Giving money is not enough: our hearts should be open as well as our wallets, so that our enthusiasms become a gift from God. He does not need our actions (the Lord gives to us!), but our practical actions are good evidence of his close presence, and we should all give by doing.

Thankyou for what you give. It will enable God’s work and worship to continue communally in this public place in Hedge End, and provide many people with an essential social access point to other people who love the Lord, and want to learn and care together.

06: Visit Us


The building was built in 1924.  If the church looks victorian gothic with a steeple, that’s the St John’s Anglican church. Walk down hill towards the centre of town about 100 yards.  If the church is has a triangular roof with a big window in the centre front, that’s the Methodist Church.

Parking:  There is limited parking in the front (St Johns Road) and rear (Granada Road) car parks. There is on street parking in both roads and in adjacent streets within a residential area.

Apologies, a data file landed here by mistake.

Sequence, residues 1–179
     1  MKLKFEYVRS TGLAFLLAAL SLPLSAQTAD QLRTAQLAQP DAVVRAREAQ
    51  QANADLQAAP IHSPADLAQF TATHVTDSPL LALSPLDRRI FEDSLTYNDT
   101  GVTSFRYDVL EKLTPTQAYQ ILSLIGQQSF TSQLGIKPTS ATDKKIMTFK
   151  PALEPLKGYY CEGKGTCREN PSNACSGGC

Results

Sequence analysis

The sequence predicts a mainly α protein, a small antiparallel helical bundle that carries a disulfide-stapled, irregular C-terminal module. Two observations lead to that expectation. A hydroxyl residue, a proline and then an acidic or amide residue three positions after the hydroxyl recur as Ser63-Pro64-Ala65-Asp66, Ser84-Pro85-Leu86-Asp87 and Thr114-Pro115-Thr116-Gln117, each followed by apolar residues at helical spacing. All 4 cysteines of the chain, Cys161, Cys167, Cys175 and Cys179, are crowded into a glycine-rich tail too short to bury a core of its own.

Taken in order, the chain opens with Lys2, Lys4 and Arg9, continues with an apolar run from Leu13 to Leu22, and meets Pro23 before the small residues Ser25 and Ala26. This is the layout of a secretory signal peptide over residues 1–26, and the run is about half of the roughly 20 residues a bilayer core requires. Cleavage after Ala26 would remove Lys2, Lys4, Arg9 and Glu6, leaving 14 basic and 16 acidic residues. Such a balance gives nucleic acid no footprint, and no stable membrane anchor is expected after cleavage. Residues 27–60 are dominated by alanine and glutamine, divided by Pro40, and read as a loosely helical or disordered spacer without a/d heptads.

The sign from M27 Junction 7 refers to “Hedge End Village” as distinct from the Hedge End retail park “Sainsburys etc”, where you can easily get lost.

Buses and Trains:Lots of buses stop in central Hedge End which is a three minute walk from the church. Hedge End Train Station is a long way from the town centre.

Access to the Building

The main entrance is in St. Johns Road. Many public events take place in the fellowship hall at the rear. Entry can be made by following the path along the side of the building. All entrances can be accessed from both St Johns Road and Granada Road.

Special Needs Provision

Wheelchairs, Buggies and Bicycles are welcome in the front or rear of the building. We are pleased to help if you have a problem. Please be considerate about looking after paintwork. A variety of different seating arrangements are available. Hearing aid loops are installed in the main hall and the fellowship hall. A big screen is used in the main hall during sunday services.


Toilets are always available at the rear of the building. Refreshments are available at most events.

The Step Problem

There are two steps between the chapel and the fellowship hall. If we built a ramp between chapel and hall the emergency exit doors would be blocked. If we lowered the floor it fouls the choir vestry. Now there is an easy way around. There is a flat surface between the door of the chapel and the door of the fellowship hall, but guests often need instructions. This is not ideal, but we are currently stumped.

07: Contact Us

08: How to Find Us

Find Us on Google Map… (Opens as external Tab)